Regina says she and her husband are pretty much in agreement on money matters as a whole:

Well, he makes the money, and he usually hands it over me and says, “Okay, go pay the bills” [laughs]. We’re pretty much in agreement. We do have little squabbles once in a while, when there’s something he wants, like a new movie or a new game. And I have to remind him, “Well, honey, we’ve got this and this and this to pay yet, and we’ve got these coming up, so do you really need it?” [laughs].

She goes on to explain, “Because we live paycheck-to-paycheck, and we struggle paying our bills. A lot of times we have to kinda juggle to keep one from calling and knocking at our door saying, ‘Okay, we’re gonna turn off your services.’ ” When it comes to their financial giving they are in agreement on not being able to afford it.


Regina’s parents did not really model giving, certainly not in a financial way. When we asked her, “To the best of your memory, did your parents voluntarily give money away to charity, religious organizations, nonprofits, people or causes?,” she replied, “No, not money. My mother, she donated time a lot of times to the church for, like at Christmas time, they’ll do the Christmas tree, where they—you pick a name of a needy child or family off a tree.” Regina said, “Other than going to church every day and volunteering for things like at Christmas time, no. I mean, she didn’t go every day to church. She went every Sunday, but she didn’t do, she wasn’t on the church council or committees.” Regina summarizes her parents’ overall generosity by saying, “Probably, on a scale of one to 10, maybe a three. One being not generous [laughs]. I mean, they would help people that really needed it, especially if it was family or somebody they’d already known, a close friend or something. But other than that, no.” When we ask how much influence their approach had on her, she says, “Probably quite a bit, cause I’m [laughing] kind of like that with the money too.”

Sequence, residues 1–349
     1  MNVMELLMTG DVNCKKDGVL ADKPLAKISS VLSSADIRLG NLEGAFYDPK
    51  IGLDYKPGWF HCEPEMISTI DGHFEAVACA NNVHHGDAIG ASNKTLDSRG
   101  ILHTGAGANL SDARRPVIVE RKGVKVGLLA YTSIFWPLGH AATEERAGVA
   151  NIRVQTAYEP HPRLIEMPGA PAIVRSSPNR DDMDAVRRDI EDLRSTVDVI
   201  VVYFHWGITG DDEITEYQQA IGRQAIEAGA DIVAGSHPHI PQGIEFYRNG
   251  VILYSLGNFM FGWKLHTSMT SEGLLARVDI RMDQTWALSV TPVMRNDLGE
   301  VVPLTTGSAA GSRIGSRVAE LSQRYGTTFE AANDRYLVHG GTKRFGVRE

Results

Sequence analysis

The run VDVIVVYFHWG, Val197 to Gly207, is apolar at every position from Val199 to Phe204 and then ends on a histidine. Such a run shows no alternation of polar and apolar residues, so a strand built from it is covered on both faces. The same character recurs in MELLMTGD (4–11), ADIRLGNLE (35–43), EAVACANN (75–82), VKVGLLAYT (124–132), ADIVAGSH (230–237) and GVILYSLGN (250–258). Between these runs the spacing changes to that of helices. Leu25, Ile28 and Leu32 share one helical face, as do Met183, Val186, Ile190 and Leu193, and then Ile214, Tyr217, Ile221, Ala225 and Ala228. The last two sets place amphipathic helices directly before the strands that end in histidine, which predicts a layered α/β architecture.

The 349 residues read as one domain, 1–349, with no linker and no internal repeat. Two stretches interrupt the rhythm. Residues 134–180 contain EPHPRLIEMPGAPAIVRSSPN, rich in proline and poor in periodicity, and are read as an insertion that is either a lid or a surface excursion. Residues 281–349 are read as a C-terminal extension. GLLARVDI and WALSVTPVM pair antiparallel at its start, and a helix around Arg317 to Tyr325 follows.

Regina describes no other influences on her giving. Her low giving is normative within her web of affiliations and makes sense within that context. She and her affiliations are also embedded within a low-resourced social and physical context that further constricts her giving.

Deon Williams: Retiree Living It Up in Detroit in Residual Poverty Another of our cases with low relational support for giving is Deon Williams. True to form, Deon gave inconsistent responses on his survey regarding his web of affiliation, for example describing his spousal alignment as neutral despite not having a spouse. These kinds of inconsistencies between survey and interview answers, and even between different survey answers, speak to Deon’s generally nonreflective lifestyle. A number of times throughout the interview he commented on how challenging the questions were for him to answer, perhaps a reflection of his low education level (he has a high school degree), along with a lifetime of working in a blue-collar, male-dominant industry where conversations about lifestyle choices were not among coworker conversations.

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